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Sprint to Lay Off Thousands of Customer Service Reps

By Richard Adhikari
Jan 28, 2016 12:32 PM PT

Sprint plans to lay off about 2,500 employees, including five vice presidents, according to news reports this week.

Sprint to Lay Off Thousands of Customer Service Reps

About 2,000 of the cuts are in customer service.

The company reportedly will close or reduce operations at customer care centers at its Overland Park headquarters in Kansas, and in Colorado, New Mexico, Tennessee, Texas and Virginia.

Customers can handle routine inquiries such as checking bill balances, making payments, and checking on device upgrade status and phone lease status online or through the Sprint Zone app, the company said.

Sprint also will rely on customer care sites run by vendors.

Sprint's Explanation

The company is in the middle of a multiyear turnaround strategy, radically transforming how it does business, and this requires changes in its cost structure and reallocation of resources, according to a statement provided to CRM Buyer by Sprint spokesperson Roni Singleton.

"We are in the process of significantly taking costs out of the business so the transformation of the company will be sustainable for the long term," the statement said. "Unfortunately, as we've said over the past several months, the effort to reduce our costs would impact all areas of our business, including jobs."

Meanwhile, retail customer service "is moving toward more of a self-serve and digital customer model," the statement said. "In the future, we anticipate that more of our customers will use this model to solve their basic needs, driving fewer calls to our customer care facilities."

Switching to Self-Service

Consumers are redefining the future of customer service, a study commissioned by BT and Avaya found.

Customers are happy to serve themselves through websites and mobile apps, but they have high expectations for quality service once they decide to seek third-party support, the study of 5,500 respondents from 10 countries, including the United States, found. A full 79 percent of respondents expect to get a response to a comment on social media within 15 minutes.

Further, 90 percent of respondents said they'll buy more from organizations that are easy to deal with.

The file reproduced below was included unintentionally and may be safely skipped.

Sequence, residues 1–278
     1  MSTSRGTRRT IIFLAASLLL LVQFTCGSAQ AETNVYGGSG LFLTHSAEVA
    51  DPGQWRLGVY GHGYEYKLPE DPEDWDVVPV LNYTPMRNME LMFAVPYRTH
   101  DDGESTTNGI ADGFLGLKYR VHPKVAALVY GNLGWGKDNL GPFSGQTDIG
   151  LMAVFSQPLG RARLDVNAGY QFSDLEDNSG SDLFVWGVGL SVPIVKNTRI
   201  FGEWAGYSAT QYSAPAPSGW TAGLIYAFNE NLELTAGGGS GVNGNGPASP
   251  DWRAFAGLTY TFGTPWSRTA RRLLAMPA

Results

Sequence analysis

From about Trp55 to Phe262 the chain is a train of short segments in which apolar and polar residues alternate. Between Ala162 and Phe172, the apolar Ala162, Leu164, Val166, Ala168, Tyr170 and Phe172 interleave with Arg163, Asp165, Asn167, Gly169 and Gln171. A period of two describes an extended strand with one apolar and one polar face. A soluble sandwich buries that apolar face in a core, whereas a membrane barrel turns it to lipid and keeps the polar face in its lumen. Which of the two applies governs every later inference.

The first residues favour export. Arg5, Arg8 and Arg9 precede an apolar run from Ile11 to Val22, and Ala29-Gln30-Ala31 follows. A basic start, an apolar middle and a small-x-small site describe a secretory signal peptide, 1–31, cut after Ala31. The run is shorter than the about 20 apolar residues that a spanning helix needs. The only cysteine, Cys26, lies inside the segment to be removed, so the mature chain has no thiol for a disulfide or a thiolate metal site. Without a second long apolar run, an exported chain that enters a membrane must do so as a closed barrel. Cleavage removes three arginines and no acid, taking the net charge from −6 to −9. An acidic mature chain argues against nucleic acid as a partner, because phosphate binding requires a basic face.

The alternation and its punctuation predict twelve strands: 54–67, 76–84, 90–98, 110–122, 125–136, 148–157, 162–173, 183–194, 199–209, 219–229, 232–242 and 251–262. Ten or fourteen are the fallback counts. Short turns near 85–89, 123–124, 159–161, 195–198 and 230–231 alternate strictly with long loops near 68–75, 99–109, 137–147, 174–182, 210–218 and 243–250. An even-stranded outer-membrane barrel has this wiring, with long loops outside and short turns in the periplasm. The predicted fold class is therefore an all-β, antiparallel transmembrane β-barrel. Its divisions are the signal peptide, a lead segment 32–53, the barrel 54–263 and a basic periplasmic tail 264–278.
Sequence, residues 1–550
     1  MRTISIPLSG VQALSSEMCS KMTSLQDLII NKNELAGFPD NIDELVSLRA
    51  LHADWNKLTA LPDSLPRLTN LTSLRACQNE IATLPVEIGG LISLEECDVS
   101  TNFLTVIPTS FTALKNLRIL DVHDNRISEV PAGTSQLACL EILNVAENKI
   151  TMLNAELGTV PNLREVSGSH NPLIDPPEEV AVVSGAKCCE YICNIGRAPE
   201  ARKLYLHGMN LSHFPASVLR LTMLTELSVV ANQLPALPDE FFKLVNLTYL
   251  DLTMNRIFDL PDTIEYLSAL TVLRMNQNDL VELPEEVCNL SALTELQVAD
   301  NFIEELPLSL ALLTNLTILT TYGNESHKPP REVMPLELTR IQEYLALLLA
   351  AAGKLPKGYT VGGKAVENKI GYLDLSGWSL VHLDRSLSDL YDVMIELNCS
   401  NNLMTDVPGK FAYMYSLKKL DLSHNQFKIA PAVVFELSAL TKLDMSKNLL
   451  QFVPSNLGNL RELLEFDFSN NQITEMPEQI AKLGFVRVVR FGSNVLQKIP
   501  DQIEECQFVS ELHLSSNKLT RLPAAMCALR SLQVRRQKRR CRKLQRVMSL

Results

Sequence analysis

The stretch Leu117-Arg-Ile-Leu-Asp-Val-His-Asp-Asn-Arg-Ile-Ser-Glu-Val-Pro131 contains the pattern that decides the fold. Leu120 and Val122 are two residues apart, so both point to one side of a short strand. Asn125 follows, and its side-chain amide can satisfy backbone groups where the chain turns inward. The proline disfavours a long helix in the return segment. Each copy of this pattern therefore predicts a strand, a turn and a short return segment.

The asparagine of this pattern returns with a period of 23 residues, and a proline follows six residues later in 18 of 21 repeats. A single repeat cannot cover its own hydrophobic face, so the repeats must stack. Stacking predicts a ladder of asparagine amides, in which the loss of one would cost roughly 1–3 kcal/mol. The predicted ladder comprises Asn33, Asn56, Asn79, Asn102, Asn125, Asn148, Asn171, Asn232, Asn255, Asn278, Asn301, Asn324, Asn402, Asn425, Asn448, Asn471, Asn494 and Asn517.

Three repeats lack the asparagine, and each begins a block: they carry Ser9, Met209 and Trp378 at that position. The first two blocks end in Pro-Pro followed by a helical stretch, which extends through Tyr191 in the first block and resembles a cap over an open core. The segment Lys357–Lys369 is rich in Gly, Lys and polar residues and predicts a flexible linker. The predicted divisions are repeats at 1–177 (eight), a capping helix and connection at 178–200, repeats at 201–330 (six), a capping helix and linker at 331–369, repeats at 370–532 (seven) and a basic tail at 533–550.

One in five respondents believes Twitter and/or Facebook are the best ways to reach customer service, and nearly 50 percent said they'd like to see the agent they're speaking with -- through video chats -- to better resolve complex service issues.

Pushing customers too far down the route of self-service could rebound on companies, the study found.

Sprint's Record

Sprint, which ranks fourth of the four major wireless carriers in the United States, fares badly for both its traditional monthly postpaid and its prepaid services, a Consumer Reports survey released this month found.

The company also has been hemorrhaging customers and losing money over the years.

For its third quarter, Sprint had the highest postpaid phone net additions in three years, and Q3 postpaid churn reached a record low, the company reported Tuesday. Sprint also added postpaid customers the second consecutive quarter.

The Need for Change

"The industry is changing and Sprint is changing," observed technology industry analyst Jeff Kagan.

Sprint is "going through an enormous transformation at a fundamental level that it never did before," he told CRM Buyer. "Two years ago it was acquired by SoftBank, then it got a new CEO, and over the course of the past year it got several new senior executives and introduced various ideas such as the half off program, which seemed to work. They have new LTE and a new focus to provide more high-speed data. That's an exceptional transformation."

The company's transformation will continue for a couple more years, Kagan said, and "will involve some major steps and some pain in the form of cuts."

As for the customer care layoffs, "Sprint has probably thought this through carefully, and I don't think it'll do anything to lose customers," he added.

The market seems to agree. Sprint shares closed Tuesday at US$2.99, up 47 cents, then fell 4 cents in after-hours trading to $2.95, still well above Monday's closing price of $2.52.

Richard Adhikari has written about high-tech for leading industry publications since the 1990s and wonders where it's all leading to. Will implanted RFID chips in humans be the Mark of the Beast? Will nanotech solve our coming food crisis? Does Sturgeon's Law still hold true? You can connect with Richard on Google+.

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